Do Men Belong At The Women’s March On Washington In DC?

Photo: Circa
Women's March on Washington Women's rights

It’s time for guys to take a knee.

Today, I drove my wife and my ten-year-old daughter to the airport, so they can attend their first political protest together.

I’m pretty proud of them.

The moment The Women’s March on Washington was announced, I knew they were going to go. They knew they were going to go. Immediately. Flight reservations and plans to crash at a friend’s house in Maryland were made within hours.


And, while they made their plans and I sat there beaming at them, reveling in their feminist awesomeness, I have to admit that it never once occurred to me to say “Can I go too?”

I was pretty confident in my decision until an acquaintance recently asked why I wasn’t attending The March with my family. Before I could even state my case, she said, “It’s a shame. I wish more men were comfortable being allies of The March.”

Apparently, that’s how some people are reacting to men’s involvement (or lack of involvement) in The March. The Washington Post recently ran an article titled “Men are slow to show support for the Women’s March. Is it considered unmasculine?”

The reporter mentions that only a fraction of the people RSVPed for The March on Facebook are men and further notes that the hashtag #WhyIMarch is largely dominated by women’s stories.

The article also includes a quote — seemingly unrelated to The March — from Alex Mohajer, co-founder of Bros 4 Hillary, who said, “There is a sense [that] if you outwardly support a woman you are less deserving of your man stripes.”

This reaction to men’s involvement in The March mystifies me, if I’m being honest. And here’s why…

I’m a man who proudly supported a female presidential candidate. I also proudly support all of the amazing women in my life.

But this March… it’s not for ME. And that’s a very, very good thing.


As a white heterosexual man, I think my opinion has been heard enough, frankly. Political discussions don’t need to hear ANY more from my demographic for a LONG time.

If the American political landscape was a 2-hour dinner party conversation, men would be talking for 1 hour and 59 minutes… and probably a few extra seconds thrown in there.

While I understand that the March on Washington wants to be an inclusive event, I fully believe that maybe this is a time where men should just step back and let women lead the conversation. For a change. For ONCE.

They don’t need my help.

There was a recent Salon article where the author argued that The March should’ve been named “The People’s March” rather than “The Women’s March.”

This quote sums up her argument pretty well: “Let me be clear that I do not think the march should have been ‘the People’s March’ out of a fear of alienating men. I want it to be called the People’s March because feminism and fighting Trump isn’t just a woman’s thing. In 2012, among Democratic voters, women identifying as feminists outnumbered men by nearly 2 to 1. That’s unacceptable.”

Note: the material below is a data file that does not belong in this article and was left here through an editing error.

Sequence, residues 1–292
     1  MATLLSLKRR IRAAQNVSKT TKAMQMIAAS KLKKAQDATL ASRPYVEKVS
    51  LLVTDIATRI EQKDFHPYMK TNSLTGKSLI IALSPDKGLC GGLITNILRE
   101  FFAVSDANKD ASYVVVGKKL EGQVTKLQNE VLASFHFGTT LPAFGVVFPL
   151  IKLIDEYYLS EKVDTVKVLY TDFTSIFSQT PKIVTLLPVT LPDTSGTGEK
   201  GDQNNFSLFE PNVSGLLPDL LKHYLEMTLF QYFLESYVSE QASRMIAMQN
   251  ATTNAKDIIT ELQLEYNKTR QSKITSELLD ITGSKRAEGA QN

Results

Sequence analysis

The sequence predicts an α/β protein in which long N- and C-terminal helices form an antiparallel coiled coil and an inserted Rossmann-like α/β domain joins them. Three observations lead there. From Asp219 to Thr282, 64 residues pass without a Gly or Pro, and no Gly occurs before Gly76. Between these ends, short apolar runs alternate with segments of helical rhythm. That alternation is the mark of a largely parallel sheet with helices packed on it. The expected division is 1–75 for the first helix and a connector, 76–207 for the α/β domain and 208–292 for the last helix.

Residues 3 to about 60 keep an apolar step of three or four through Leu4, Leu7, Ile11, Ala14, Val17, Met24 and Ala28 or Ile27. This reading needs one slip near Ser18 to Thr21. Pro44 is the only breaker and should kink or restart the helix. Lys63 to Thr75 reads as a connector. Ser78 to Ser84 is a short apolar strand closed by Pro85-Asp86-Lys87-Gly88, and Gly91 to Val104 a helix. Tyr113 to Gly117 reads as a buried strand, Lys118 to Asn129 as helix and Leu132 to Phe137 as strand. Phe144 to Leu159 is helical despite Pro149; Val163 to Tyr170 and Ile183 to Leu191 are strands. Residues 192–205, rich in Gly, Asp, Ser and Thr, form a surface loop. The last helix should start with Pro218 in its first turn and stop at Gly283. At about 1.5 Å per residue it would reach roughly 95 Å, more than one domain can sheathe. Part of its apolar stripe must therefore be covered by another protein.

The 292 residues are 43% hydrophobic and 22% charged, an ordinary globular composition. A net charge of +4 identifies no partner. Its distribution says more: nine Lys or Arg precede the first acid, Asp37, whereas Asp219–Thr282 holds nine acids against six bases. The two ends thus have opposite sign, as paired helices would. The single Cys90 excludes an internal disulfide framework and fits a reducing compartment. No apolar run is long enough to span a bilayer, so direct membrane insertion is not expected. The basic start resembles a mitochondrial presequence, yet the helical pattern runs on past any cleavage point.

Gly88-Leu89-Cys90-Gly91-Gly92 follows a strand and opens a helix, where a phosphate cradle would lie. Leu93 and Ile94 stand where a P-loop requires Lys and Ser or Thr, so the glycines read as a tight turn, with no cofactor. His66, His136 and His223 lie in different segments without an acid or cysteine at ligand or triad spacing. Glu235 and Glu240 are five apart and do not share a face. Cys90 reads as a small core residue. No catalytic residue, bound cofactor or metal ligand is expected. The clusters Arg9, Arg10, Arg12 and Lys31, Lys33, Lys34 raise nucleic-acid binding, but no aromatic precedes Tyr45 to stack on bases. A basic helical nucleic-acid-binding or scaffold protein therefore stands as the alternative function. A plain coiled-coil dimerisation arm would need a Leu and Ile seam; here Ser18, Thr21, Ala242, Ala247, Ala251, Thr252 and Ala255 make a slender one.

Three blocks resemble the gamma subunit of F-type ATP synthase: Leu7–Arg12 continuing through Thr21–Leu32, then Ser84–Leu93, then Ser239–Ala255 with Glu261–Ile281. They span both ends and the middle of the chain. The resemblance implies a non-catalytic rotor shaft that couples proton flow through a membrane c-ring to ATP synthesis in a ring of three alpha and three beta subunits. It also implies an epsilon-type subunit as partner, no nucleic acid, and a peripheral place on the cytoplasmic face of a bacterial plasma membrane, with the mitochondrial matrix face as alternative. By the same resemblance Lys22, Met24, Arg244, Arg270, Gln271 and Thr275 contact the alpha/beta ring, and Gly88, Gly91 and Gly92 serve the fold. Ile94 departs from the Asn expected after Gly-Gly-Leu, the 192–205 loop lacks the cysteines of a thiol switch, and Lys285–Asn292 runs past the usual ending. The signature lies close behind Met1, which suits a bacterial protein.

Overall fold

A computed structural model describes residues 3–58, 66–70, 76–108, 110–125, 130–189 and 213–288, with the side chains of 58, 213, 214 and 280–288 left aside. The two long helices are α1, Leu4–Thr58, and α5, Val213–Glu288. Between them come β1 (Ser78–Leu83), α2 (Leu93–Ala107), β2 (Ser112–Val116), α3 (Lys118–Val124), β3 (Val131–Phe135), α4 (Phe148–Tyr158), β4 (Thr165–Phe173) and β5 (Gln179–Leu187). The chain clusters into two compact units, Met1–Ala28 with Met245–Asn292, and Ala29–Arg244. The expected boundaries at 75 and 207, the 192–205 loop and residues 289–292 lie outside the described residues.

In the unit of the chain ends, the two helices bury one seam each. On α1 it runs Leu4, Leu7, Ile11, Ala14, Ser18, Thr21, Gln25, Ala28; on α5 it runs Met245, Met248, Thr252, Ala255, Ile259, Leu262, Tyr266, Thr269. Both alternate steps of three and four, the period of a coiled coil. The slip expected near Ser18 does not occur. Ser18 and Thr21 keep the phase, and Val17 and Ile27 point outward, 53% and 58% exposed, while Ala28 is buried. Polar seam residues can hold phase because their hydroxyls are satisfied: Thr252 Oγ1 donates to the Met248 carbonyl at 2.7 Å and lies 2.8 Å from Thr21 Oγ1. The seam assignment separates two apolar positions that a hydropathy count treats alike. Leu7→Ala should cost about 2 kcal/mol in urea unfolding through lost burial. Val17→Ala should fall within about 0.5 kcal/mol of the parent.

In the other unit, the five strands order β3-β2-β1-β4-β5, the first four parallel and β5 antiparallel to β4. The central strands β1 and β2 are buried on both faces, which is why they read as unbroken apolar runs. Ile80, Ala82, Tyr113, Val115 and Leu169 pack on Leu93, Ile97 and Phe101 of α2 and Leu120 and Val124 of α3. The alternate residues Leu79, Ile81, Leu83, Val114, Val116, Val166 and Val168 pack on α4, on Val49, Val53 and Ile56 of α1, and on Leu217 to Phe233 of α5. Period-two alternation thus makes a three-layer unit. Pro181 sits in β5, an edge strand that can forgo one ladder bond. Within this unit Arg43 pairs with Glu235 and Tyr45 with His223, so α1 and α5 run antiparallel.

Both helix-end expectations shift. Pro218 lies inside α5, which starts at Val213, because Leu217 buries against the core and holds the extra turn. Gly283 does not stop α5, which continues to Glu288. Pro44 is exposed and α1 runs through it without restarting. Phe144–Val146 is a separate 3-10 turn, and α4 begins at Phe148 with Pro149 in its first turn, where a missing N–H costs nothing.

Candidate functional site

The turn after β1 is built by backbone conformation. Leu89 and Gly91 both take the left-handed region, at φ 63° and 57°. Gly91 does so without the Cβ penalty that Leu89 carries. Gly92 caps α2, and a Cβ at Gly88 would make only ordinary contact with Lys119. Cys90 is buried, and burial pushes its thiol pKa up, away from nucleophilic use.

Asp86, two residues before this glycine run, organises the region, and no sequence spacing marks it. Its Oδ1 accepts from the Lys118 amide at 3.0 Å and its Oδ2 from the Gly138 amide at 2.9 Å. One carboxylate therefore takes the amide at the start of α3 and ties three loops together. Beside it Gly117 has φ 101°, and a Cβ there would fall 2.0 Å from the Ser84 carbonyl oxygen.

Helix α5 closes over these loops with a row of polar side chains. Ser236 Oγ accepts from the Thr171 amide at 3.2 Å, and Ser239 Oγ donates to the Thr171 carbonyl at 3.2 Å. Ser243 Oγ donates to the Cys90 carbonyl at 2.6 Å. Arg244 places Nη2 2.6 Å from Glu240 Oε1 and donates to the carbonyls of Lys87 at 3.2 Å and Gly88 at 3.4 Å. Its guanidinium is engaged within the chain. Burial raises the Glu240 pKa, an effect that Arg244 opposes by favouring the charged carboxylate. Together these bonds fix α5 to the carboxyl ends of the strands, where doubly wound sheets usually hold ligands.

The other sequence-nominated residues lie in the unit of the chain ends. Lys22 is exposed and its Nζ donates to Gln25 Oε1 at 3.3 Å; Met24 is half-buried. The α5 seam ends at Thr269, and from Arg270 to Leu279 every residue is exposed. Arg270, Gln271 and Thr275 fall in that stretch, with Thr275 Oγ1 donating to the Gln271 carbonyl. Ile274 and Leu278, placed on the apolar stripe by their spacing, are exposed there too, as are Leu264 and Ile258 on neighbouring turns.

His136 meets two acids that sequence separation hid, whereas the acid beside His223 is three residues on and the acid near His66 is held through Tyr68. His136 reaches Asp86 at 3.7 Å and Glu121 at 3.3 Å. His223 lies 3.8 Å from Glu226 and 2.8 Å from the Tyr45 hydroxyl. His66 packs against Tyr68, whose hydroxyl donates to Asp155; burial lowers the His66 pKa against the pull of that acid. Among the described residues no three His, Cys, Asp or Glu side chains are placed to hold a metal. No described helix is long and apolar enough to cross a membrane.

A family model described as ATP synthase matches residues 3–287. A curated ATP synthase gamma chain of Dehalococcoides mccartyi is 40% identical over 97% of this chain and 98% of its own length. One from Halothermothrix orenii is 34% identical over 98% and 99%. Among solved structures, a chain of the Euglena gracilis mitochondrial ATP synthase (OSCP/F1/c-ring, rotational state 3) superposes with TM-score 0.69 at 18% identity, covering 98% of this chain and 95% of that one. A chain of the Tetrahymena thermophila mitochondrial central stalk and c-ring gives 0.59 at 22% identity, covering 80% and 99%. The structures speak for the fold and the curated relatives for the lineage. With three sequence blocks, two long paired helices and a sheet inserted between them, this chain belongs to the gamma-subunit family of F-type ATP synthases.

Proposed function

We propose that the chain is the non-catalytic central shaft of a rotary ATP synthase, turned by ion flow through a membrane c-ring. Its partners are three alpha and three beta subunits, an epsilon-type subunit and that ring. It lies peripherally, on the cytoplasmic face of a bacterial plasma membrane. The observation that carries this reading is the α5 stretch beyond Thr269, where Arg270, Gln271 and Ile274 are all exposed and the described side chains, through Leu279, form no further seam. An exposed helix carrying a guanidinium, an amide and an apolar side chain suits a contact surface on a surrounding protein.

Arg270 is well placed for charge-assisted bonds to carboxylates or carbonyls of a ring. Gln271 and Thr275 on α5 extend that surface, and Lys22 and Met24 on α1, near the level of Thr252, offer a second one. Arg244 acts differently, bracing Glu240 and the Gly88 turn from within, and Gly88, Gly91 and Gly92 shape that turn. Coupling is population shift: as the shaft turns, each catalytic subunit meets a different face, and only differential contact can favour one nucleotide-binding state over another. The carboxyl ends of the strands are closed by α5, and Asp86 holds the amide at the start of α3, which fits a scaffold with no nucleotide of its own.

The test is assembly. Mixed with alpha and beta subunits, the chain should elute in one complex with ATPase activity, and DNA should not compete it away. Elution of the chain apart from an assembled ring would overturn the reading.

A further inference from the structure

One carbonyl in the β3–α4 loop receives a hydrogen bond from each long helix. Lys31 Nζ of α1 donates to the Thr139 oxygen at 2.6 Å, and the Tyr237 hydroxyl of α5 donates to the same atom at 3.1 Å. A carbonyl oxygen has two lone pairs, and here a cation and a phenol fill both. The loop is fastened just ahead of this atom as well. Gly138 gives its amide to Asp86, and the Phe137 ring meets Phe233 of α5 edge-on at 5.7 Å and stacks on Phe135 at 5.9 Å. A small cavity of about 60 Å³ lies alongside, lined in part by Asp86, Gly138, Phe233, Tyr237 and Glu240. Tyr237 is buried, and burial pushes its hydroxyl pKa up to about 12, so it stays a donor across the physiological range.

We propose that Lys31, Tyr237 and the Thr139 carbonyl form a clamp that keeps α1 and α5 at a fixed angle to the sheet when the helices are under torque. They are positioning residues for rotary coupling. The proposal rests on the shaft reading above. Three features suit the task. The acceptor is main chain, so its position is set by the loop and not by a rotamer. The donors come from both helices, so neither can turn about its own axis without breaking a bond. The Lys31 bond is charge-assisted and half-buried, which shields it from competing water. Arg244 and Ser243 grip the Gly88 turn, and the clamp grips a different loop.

I agree with almost everything she’s saying here. Fighting for women’s rights should NOT just be a “woman thing.”

However, that being said, to me, The Women’s March felt like a spontaneous reaction of women trying to assert “HEY, WE MATTER” in a constructive way following Donald Trump’s election.

It was as if, while millions of Americans recoiled in horror at the idea of a President Trump, a community of women sprang up and said “Hold my beer. We got this.”

I think they do have this. I am happy to hold their beer.


And this, clearly, will not be the last protest of this sort, so I don’t see this as me shirking out of my responsibility to stand up against fascism.

I see the Women’s March as a way for women to organize and assert their powerful voices towards a government that does not often listen to them. A government made up almost entirely of white heterosexual men.

Personally, I don’t think we really need any more white heterosexual men in Washington right now.

Linda Sarsour, one of the leaders of The March, told The Washington Post, “This is a movement that is led by women, but it is not just for women. It’s for all people.” However, she did qualify that, if you’re participating in The March, “You have to be okay with being led by women.”

I’m okay with being led by women, and I want this march to be successful.

But I think this is one time where my wife and daughter are better off without me. I think this is a time when women from across the nation need to gather and mourn the state of women’s rights in the United States — and the way the first-ever major-party female presidential candidate was treated. They need to commiserate and bond and support each other.

And, while I fully support men who want to participate in any of March-related protests this weekend — solidarity is a good thing — I don’t really think we’re needed.


There will be other protests, there will be more opportunities to make our collective voices heard. Women’s rights are human rights, but humanity has let men speak for women way, way too often.

I hope my daughter comes back from this weekend with the sense that women can do anything. I hope she comes back from this weekend realizing what an absurd gender imbalance we currently have in American government.

I hope she comes back knowing that I will always support her, no matter what, but that she doesn’t need a man — even her kind old Daddy — to make her voice heard.

That’s why I’m staying home this weekend. It’s not out of apathy or concern for my masculinity.

It’s because I trust women and I know they’ve got this.